2 TRSU schools to participate in state Covid testing program Senior prom to be held; TRSU joins SU consortium

Correction: In the story below The Telegraph reported that Green Mountain High School would hold a prom this year open to both juniors and seniors. This was a misunderstanding and in fact there will be a seniors only
prom and the junior class will wait until next year to hold its prom. We regret any confusion this may have caused.

By Shawn Cunningham
© 2021 Telegraph Publishing LLC

The Two Rivers Supervisory Union will be taking part in a state pilot program to test students for Covid-19, Superintendent Lauren Fierman told the SU board on Thursday evening.

The Two Rivers Supervisory Union board meeting last Thursday with chairman Paul Orzechowski at Ludlow Elementary. Zoom images courtesy of Okemo Valley TV

The program – which will be voluntary – would administer testing to students 8 years of age and up at Mount Holly Elementary and Green Mountain High School each week for the remainder of the school year and during the summer for those participating in summer programs.

Fierman said that if the program goes well it may be put into all schools in the fall.

Agency of Education Secretary Dan French announced the program the following day at the governor’s press conference saying that the pilot program had the potential to test 6,300 students each week which will likely identify students who are infected. “This is good,” said French, “it will help us in our efforts to stop the virus from spreading.”

State guidance on spring sports, proms, graduations

Fierman also told the board the schools have received Covid guidance from the state about spring sports. She said those playing baseball and softball need not wear masks on the field, but must wear them in the dugout. Likewise, spectators within a family group and at least 6 feet from others can forgo masks, but must wear them nearer other groups.

Superintendent Lauren Fierman told the board the schools were planning a prom as well as normal graduation and ‘step up’ celebrations

The schools are expecting further guidance on proms and graduations and Fierman said the school is planning on holding a prom for juniors and seniors, noting that this year’s seniors did not have a prom in 2020. The prom will be in the first week of June and will follow all the Covid rules including mask wearing and maintaining a 3 foot distance with the exception of dancing.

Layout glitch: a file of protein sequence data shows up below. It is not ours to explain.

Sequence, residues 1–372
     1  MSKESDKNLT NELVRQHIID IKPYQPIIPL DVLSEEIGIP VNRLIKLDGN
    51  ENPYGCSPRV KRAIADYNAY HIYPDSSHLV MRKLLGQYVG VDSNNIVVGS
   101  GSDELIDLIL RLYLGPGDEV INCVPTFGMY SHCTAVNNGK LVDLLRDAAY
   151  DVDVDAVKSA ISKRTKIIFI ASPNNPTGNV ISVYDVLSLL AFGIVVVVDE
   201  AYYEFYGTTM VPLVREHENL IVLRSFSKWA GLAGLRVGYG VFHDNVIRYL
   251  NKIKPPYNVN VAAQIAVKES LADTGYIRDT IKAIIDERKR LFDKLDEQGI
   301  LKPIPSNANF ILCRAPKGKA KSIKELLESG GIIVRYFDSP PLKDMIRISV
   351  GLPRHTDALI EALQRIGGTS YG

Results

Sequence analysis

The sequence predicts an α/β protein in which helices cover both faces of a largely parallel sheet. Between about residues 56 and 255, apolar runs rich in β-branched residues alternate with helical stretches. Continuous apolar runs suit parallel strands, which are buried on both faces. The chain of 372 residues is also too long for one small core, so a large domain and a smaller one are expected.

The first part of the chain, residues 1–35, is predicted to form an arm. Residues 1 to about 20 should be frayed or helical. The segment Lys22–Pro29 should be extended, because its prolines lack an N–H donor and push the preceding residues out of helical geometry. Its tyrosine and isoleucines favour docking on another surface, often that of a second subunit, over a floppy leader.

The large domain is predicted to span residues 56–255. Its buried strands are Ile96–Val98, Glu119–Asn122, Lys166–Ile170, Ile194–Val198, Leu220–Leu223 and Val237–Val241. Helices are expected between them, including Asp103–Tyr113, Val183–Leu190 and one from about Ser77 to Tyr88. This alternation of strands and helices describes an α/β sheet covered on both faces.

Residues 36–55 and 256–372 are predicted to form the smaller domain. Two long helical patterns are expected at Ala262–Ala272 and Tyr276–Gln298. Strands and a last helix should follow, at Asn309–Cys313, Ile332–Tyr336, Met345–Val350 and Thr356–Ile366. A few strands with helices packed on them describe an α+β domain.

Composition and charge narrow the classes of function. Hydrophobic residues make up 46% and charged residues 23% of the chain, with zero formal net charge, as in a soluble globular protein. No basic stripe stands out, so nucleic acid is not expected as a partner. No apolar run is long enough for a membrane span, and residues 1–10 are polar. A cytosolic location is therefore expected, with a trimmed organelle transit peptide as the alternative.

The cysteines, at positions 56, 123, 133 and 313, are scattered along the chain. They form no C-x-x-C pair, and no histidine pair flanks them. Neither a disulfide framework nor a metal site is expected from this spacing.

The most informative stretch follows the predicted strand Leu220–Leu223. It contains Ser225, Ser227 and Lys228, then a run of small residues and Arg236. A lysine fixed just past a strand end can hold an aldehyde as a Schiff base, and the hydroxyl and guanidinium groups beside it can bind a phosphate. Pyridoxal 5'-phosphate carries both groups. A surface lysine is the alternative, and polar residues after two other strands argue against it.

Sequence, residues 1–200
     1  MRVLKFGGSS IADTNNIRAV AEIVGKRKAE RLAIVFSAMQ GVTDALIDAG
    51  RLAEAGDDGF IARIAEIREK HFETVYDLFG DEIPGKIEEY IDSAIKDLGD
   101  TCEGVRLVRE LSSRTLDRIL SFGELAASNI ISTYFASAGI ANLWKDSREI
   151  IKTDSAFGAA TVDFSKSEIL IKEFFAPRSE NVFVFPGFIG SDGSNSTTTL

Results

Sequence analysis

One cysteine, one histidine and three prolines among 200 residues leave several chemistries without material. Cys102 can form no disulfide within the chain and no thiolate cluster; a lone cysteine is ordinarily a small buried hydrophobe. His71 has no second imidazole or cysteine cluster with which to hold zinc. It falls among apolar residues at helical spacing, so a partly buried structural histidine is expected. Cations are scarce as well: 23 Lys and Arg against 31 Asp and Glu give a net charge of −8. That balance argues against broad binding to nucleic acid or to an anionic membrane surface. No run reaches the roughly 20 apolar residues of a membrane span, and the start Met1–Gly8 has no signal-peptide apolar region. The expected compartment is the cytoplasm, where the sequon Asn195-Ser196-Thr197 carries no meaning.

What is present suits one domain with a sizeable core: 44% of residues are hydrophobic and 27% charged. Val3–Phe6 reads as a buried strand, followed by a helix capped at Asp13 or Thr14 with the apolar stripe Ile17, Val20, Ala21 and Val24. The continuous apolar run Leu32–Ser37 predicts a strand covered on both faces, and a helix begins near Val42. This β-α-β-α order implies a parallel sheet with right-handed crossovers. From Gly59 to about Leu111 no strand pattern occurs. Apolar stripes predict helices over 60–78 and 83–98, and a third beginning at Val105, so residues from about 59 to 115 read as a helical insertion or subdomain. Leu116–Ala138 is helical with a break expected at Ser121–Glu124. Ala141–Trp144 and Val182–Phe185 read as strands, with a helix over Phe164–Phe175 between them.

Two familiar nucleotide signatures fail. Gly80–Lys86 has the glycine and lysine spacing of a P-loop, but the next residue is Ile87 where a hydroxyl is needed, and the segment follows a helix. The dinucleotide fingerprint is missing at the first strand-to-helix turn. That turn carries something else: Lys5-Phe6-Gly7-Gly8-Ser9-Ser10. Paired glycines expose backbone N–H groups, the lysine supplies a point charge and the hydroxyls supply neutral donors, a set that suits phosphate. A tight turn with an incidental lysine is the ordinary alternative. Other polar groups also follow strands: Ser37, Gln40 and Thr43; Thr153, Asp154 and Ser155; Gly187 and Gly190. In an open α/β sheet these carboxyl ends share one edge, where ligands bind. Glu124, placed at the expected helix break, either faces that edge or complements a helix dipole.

“Don’t ask me for the logic of that,” said Fierman. “Apparently if you touch each other and sway you’re not in danger anymore.”

According to Fierman, there will be an outdoor graduation on Friday, June 18 and “step-up” ceremonies for students finishing sixth grade. She said there would be more details closer to the dates but there won’t be a problem with the number of people who can attend since by June 1 there can be 900 unvaccinated and an unlimited number of vaccinated people in the space.

Return to in-person classes this fall

While the state guidance is still being worked on, Fierman said the AOE is looking for schools to be fully in-person when they resume this fall. She said it is uncertain the degree to which the state will allow districts to continue providing remote learning although the Vermont Virtual Learning Collaborative will continue to operate. The online Two Rivers Virtual Learning Academy, which provided full-time remote learning this school year, will not be operating in the fall.

Curriculum Director Anne Gardner outlined the work on recovery plans. File photo